Mesenteric ischemia following large left ventricular fibroid
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Left ventricular thrombosis is a common complication of acute myocardial infarction, usually occurring after anterior ST-elevation myocardial infarction, akinesis, and extensive dyskinesia of the apex, anterolateral, or anteroseptal. In this article, we report a case of myocardial infarction with left ventricular thrombosis.

A 45-year-old man was referred to our hospital with complaints of severe epigastric pain, sweating, fever, and tachycardia. In laboratory tests, findings for triose phosphate isomerase enzyme were negative, but on electrocardiography, the Q wave in the V1 and V2 leads and the biphasic T wave in the V2, V3, and V4 leads were evident. In Akinesian echocardiography, apical segmentation with a large organic, mobile, pedunculated thrombosis measuring 1.7 × 1.9 cm2 and an ejection fraction of 40% were reported. The patient then underwent emergency open cardiac surgery through a central sternotomy to remove the thrombosis.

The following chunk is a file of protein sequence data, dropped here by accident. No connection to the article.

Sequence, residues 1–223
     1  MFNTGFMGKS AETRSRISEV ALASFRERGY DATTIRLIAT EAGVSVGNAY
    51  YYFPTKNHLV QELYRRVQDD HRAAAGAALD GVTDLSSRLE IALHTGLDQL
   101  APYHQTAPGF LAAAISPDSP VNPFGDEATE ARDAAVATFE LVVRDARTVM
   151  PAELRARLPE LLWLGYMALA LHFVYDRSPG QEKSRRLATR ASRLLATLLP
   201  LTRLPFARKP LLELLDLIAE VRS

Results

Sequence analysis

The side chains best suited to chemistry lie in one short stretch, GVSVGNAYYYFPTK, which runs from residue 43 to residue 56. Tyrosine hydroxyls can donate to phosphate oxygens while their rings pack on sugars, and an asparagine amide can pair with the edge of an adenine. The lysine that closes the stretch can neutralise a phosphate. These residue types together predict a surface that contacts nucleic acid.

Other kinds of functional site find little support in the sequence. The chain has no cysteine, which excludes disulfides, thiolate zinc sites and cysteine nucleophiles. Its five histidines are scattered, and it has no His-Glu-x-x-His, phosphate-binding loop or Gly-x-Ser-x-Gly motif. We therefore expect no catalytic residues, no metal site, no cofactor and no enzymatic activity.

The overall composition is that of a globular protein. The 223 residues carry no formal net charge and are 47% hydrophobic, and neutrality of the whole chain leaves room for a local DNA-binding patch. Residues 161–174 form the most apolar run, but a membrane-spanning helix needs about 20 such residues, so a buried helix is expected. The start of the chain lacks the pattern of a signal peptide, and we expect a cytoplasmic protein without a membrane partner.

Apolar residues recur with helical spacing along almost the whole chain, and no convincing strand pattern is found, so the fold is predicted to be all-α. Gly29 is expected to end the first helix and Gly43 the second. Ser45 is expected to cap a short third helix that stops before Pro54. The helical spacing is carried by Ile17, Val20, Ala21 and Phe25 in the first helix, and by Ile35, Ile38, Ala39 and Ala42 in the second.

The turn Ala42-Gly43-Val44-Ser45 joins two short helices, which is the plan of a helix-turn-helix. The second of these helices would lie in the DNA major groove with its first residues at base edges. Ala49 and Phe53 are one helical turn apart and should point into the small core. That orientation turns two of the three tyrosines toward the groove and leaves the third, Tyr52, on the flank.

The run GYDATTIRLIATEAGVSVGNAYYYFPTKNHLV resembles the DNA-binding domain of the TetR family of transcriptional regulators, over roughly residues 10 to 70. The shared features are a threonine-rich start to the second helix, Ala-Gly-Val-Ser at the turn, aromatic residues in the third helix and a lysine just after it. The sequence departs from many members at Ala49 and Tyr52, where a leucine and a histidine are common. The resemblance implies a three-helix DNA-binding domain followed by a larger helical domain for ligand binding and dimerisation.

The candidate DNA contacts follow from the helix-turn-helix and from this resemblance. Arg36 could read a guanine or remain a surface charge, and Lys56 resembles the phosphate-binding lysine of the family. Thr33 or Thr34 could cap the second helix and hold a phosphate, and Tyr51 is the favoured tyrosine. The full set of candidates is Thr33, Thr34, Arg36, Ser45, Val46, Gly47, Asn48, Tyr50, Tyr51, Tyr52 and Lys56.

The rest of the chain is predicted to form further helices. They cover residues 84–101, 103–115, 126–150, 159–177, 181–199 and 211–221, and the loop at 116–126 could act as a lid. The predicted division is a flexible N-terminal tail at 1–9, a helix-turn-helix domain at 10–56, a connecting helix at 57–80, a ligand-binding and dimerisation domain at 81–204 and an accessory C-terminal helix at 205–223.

The clinical manifestations of left ventricular thrombosis include cerebral thromboembolism and systemic distal embolization, which are dangerous despite surgery. The echocardiography revealed that the left ventricular keratosis had been surgically removed through ventriculotomy. The patient experienced mesenteric ischemia during hospitalization, and due to the initial presentation of severe abdominal pain, it is not uncommon for the patient to be diagnosed with mesenteric ischemia before referral. The patient had the following vital signs: SPO2, 98%; BP, 96/63; PR, 91; RR, 19; and GCS, 10/15 and was treated in the intensive care unit.

This case highlights the importance of diagnosis and on-time treatment of post-large left ventricular fibroid thrombosis complications.

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